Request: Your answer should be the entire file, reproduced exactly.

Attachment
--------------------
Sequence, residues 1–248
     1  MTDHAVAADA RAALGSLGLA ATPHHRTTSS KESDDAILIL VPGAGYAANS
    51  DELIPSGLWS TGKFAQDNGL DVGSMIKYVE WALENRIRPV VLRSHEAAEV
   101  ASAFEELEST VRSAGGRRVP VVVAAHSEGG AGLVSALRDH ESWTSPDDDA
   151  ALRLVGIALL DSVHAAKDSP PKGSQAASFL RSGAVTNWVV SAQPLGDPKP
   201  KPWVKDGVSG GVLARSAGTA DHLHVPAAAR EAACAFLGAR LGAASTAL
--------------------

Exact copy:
Sequence, residues 1–248
     1  MTDHAVAADA RAALGSLGLA ATPHHRTTSS KESDDAILIL VPGAGYAANS
    51  DELIPSGLWS TGKFAQDNGL DVGSMIKYVE WALENRIRPV VLRSHEAAEV
   101  ASAFEELEST VRSAGGRRVP VVVAAHSEGG AGLVSALRDH ESWTSPDDDA
   151  ALRLVGIALL DSVHAAKDSP PKGSQAASFL RSGAVTNWVV SAQPLGDPKP
   201  KPWVKDGVSG GVLARSAGTA DHLHVPAAAR EAACAFLGAR LGAASTAL